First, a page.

• Content count

  • Joined

  • Last visited

Community Reputation

0 Neutral

About Waverly

  • Rank

Profile Information

  • Gender
  1. Hello, I'm working the the MODRAT hydrology model. I was wondering if the Reservoir (or detention basin) routing feature is still included and, if so, if you had any more guidance on the feature. I see it is referenced in the "Schematic" MODRAT tutorial, but I just don't see where I can turn on the Reservoir Routing display option in the MODRAT parameters window. Is there a screenshot of this option anywhere? Or has it been removed? Thank you!
  2. I am currently working on the "Watershed Modeling - MODRAT Interface (Map-based)" tutorial. I have been stuck at the point where you apply rainfall depth and distribution to the drainage areas. I keep on following steps 1 through 6, but when I try to complete step 7, the rainfall depths are not applied to the drainage areas. See Steps below: "7.3 Rainfall Depth & Distribution AssignmentYou will now load a rainfall depth grid for the 25-year storm frequency for Los Angeles County and let WMS compute the average rainfall depth for each basin. Then you will assign a rainfall mass curve to the model to provide the temporal distribution of the storm depth.1. Switch to the Drainage module2. Select File | Open…3. Change the File Type filter to Rainfall Depth Grid (*.*).4. Open the file named “lac25yr24hr.asc” – the rainfall grid will be opened and displayed.5. Right-click on the Drainage coverage in the Project Explorer and select Zoom To Layer.6. Switch to the Hydrologic Modeling module7. Select Calculators | Compute GIS Attributes….8. Select Rainfall Depth as the Computation.9. Select OK.10. Double-click on the basin labeled 1A to bring up the MODRAT Parameters window and view the Rainfall Depth assigned.11. Choose Show: All in the upper right corner of the dialog.12. In the Temporal distribution column click on the Define… button in the All row (colored yellow) of the spreadsheet. This will bring up a window where you will specify the rainfall temporal distribution (time vs. cumulative rainfall percentage).13. Select the Import button in the XY Series Editor.14. Open the file named “LACDPWStorm-4thday.xys”.15. The Selected Curve in the XY Series Editor should now read LACDPWStorm-4thday and the rainfall mass curve displayed.16. Select OK.17. Select OK."For soil number and the impervious surface computation, a new coverage was created, but that is not true for this parameter. The reason I mention this is because that when I open up "Compute GIS Attributes..." in step 7 above, there is an option that uses "WMS Coverages" or "GIS Layers" as can be seen in the attached image. But there is currently no coverage for the 25 year 24 hour storm. Instead the "lac25yr24hr" file (that contains the depth data for the 25 year 24 hour storm) is located under terrain data in the top left of the attached image, and has not been applied to a "Coverage" yet. Is there a step missing? Thanks for your help in advance.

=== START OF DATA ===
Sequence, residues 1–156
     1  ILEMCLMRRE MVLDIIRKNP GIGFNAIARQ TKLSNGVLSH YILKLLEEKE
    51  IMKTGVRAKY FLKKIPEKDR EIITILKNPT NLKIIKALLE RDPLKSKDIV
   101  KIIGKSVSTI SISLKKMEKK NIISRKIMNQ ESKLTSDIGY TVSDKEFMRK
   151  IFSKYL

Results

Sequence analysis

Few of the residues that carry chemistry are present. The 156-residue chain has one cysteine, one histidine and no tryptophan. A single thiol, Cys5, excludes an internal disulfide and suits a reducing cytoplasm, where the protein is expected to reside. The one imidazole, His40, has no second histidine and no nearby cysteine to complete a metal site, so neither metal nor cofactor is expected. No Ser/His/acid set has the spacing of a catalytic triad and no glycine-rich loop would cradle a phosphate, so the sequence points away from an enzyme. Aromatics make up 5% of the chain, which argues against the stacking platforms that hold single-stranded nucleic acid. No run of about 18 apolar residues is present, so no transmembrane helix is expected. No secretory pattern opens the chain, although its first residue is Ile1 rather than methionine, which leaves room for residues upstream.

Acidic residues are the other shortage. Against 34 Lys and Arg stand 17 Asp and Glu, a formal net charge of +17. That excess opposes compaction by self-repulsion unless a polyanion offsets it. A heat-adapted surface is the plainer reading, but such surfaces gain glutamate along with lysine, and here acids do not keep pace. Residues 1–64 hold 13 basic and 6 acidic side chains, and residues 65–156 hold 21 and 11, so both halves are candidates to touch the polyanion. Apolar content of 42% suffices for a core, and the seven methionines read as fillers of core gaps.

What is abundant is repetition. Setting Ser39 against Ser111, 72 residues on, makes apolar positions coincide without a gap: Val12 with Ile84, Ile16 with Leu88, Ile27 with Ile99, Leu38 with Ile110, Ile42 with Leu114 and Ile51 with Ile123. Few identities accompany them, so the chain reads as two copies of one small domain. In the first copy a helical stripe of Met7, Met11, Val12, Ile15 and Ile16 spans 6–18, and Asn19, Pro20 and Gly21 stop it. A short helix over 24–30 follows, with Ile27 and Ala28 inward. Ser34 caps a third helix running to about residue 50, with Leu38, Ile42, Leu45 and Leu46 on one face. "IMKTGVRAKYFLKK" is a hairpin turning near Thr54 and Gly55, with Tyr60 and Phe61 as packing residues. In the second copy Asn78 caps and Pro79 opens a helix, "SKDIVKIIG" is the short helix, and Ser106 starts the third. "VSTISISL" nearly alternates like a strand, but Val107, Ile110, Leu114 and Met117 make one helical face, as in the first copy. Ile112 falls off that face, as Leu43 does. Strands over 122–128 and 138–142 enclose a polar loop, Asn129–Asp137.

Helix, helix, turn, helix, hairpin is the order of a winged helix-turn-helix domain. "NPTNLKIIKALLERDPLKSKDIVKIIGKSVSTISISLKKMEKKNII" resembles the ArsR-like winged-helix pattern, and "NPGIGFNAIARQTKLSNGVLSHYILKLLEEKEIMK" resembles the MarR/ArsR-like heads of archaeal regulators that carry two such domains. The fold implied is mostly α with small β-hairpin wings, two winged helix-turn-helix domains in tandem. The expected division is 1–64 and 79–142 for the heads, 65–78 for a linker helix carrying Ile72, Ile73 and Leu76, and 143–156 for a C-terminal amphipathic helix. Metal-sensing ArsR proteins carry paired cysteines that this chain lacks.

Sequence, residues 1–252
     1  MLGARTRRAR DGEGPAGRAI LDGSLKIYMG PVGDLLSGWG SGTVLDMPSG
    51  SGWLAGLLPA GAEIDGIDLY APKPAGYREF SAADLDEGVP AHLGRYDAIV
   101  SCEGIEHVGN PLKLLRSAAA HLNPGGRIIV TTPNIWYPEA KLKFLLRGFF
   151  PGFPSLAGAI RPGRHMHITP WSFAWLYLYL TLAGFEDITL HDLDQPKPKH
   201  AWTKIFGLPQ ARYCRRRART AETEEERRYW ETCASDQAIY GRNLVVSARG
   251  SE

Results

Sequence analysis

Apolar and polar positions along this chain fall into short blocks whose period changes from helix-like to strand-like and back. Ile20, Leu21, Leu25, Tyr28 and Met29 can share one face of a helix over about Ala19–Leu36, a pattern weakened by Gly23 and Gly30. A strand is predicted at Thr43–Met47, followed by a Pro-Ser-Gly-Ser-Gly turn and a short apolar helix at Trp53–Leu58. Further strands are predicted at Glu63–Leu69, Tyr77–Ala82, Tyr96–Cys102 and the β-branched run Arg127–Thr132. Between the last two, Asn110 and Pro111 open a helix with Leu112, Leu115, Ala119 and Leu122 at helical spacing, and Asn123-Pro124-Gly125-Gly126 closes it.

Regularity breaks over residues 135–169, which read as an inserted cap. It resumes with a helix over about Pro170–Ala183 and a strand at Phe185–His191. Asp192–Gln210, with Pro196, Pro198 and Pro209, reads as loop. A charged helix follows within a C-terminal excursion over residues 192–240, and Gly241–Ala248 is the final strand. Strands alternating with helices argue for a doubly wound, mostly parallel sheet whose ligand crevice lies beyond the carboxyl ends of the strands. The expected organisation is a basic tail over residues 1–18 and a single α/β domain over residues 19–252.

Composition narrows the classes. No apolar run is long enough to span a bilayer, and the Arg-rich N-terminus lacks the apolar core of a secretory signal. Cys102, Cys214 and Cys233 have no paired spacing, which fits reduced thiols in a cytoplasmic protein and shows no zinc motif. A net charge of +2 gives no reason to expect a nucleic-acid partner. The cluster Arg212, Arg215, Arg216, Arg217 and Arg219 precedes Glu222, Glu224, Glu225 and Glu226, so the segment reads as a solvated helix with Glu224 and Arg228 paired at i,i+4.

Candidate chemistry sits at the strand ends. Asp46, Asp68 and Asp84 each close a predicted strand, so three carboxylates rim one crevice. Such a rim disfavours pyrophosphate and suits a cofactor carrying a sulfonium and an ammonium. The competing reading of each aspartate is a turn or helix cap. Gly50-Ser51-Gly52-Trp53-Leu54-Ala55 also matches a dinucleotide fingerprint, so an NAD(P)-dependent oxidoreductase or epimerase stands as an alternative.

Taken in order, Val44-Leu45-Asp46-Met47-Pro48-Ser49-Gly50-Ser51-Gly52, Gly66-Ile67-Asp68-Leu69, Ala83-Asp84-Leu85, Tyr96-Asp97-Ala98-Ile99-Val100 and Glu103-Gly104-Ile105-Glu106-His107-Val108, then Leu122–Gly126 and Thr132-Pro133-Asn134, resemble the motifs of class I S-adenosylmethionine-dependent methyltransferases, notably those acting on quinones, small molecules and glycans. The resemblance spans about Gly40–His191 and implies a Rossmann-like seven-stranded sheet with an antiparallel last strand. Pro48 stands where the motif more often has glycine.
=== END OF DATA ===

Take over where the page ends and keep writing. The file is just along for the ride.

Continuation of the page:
3. Chris, Thank you for your prompt response. I had a feeling this was the direction I would need to use, but wanted to verify with someone more familiar with the program. I will revisit those tutorials and try implementing the ideas in my model. Thank you again!
  4. I am working on a master drainage project for a city and I'm looking for some tips and suggestions for how to most efficiently use WMS. I am somewhat new to the program and I'm not quite sure how to accomplish what I want to model. Mostly, I will need to model master drainage channels and large storm drain pipes within the watershed. What is the best, most efficient way to input this data? We would also like to model the major culvert passings and road embankments. To further complicate things we are only modeling a portion of the city and there is another city uphill of this one whose drainage facilities come into our portion. Is there a way to add this data as inflow points on the boundary of the watershed (our boundary will be drawn at the city line)? The watershed is on the scale of 100 sq. miles in a relatively flat, urban area. Thanks in advance for any suggestions given!